Forensic Geology can be used as a vehicle to introduce students to geological concepts and principles using an inquiry driven approach - i.e., crime solving. We have developed such a course largely based on case studies. The course was designed for non-science majors, but biology, chemistry, and physics majors have taken the course as a technical elective. The Case of the Sandy Body is an example of the approach we use in this course.

The case starts with a body dumped in a classroom. The body is wrapped in cloth and there is abundant sand. Students first exam the crime scene and collect evidence using standard forensic techniques. The students are then provided with a narrative concerning the whereabouts of the victim in the past 24 hours and samples of sand from locations where the victim was sighted.

The students do a size analysis of the sand associated with the victim and the various possible crime scene locations. They microscopically examine the various sand samples and characterize them in terms of texture and mineralogy. In order to do this students must know something about mineral identification and at this point a standard mineral identification laboratory is done. The students also prepare heavy mineral suites using a magnetic separator and identify the minerals in each heavy mineral suite. All the information is collated and a comparison is done between the sand collected from the victim and the comparative samples. From this comparison students identify a potential crime scene.

Students are then provided with photographic evidence from the potential crime scene including a sneaker imprint. The case continues with a routine traffic stop in the area of the crime scene leading to the apprehension of a suspect who has sandy sneakers in the back of his car (its a station wagon and the sneakers are in plain view). The students are given the sneakers and asked to compare the sand adhered to the sneakers and that from the victim. Most times, but not always, a match is found. The final step is the preparation of a forensic report using standard reporting procedures.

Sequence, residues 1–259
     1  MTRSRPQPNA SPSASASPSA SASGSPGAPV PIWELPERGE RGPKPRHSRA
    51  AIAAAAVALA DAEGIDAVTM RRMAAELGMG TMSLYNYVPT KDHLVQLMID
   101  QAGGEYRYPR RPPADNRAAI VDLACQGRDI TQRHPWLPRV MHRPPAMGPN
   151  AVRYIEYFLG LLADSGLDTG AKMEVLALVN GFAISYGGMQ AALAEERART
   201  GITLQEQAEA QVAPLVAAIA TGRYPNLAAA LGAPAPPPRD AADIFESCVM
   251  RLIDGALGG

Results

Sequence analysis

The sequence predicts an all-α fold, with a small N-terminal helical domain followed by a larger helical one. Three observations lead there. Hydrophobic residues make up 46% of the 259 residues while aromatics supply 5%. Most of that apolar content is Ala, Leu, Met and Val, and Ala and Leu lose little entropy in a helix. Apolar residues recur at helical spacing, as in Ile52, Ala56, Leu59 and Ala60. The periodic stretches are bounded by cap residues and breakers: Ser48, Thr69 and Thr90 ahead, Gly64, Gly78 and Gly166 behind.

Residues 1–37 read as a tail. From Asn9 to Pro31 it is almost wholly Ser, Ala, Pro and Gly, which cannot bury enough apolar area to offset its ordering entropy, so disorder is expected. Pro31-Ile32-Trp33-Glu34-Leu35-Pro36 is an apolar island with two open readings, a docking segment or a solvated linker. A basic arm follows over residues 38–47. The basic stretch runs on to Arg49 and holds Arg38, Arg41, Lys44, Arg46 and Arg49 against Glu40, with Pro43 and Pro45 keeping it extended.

Our experience is that the students become very engaged in solving the crime. They learn material typically covered in an introductory geology course but in a problem-solving context. Student response to the course has been very positive.

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Forensic Geology Lectures:

Minerals - Definition, Types, and Identification - Forensic Applications

Instrumental Neutron Activation Analysis (INAA) and X-ray Fluorescence (XRF) Analysis Practice and Applications

Radioactive and Stable Isotopes - Theory and Application to Forensic Investigations

Other Geological Applications to Forensic Investigations Rocks, Geologic Maps, and Building Materials

          Oklahoma Forensic Geology talk

 

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Press Releases:

Nature Blog - Geological Society of London Forensic Geology Meeting 2008

Bogota, Colombia INAA 2009